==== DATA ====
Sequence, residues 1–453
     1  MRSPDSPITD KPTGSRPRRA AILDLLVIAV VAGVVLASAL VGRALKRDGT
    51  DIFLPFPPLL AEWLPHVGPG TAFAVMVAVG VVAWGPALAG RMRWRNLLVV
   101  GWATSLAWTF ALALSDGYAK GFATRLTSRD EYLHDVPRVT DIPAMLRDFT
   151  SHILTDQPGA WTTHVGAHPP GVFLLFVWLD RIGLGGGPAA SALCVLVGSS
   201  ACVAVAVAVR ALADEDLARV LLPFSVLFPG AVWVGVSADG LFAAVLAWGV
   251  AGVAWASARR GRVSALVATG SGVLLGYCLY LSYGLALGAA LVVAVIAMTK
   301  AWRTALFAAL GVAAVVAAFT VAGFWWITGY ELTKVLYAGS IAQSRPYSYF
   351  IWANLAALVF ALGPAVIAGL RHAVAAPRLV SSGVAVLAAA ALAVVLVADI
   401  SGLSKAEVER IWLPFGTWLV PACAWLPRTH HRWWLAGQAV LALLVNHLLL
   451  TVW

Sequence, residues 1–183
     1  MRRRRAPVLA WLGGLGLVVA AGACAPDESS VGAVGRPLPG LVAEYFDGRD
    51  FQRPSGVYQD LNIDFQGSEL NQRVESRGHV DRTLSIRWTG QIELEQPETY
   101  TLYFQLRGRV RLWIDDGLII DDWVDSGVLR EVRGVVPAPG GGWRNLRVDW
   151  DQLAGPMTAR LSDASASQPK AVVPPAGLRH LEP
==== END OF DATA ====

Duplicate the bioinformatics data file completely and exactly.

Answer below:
Sequence, residues 1–453
     1  MRSPDSPITD KPTGSRPRRA AILDLLVIAV VAGVVLASAL VGRALKRDGT
    51  DIFLPFPPLL AEWLPHVGPG TAFAVMVAVG VVAWGPALAG RMRWRNLLVV
   101  GWATSLAWTF ALALSDGYAK GFATRLTSRD EYLHDVPRVT DIPAMLRDFT
   151  SHILTDQPGA WTTHVGAHPP GVFLLFVWLD RIGLGGGPAA SALCVLVGSS
   201  ACVAVAVAVR ALADEDLARV LLPFSVLFPG AVWVGVSADG LFAAVLAWGV
   251  AGVAWASARR GRVSALVATG SGVLLGYCLY LSYGLALGAA LVVAVIAMTK
   301  AWRTALFAAL GVAAVVAAFT VAGFWWITGY ELTKVLYAGS IAQSRPYSYF
   351  IWANLAALVF ALGPAVIAGL RHAVAAPRLV SSGVAVLAAA ALAVVLVADI
   401  SGLSKAEVER IWLPFGTWLV PACAWLPRTH HRWWLAGQAV LALLVNHLLL
   451  TVW

Sequence, residues 1–183
     1  MRRRRAPVLA WLGGLGLVVA AGACAPDESS VGAVGRPLPG LVAEYFDGRD
    51  FQRPSGVYQD LNIDFQGSEL NQRVESRGHV DRTLSIRWTG QIELEQPETY
   101  TLYFQLRGRV RLWIDDGLII DDWVDSGVLR EVRGVVPAPG GGWRNLRVDW
   151  DQLAGPMTAR LSDASASQPK AVVPPAGLRH LEP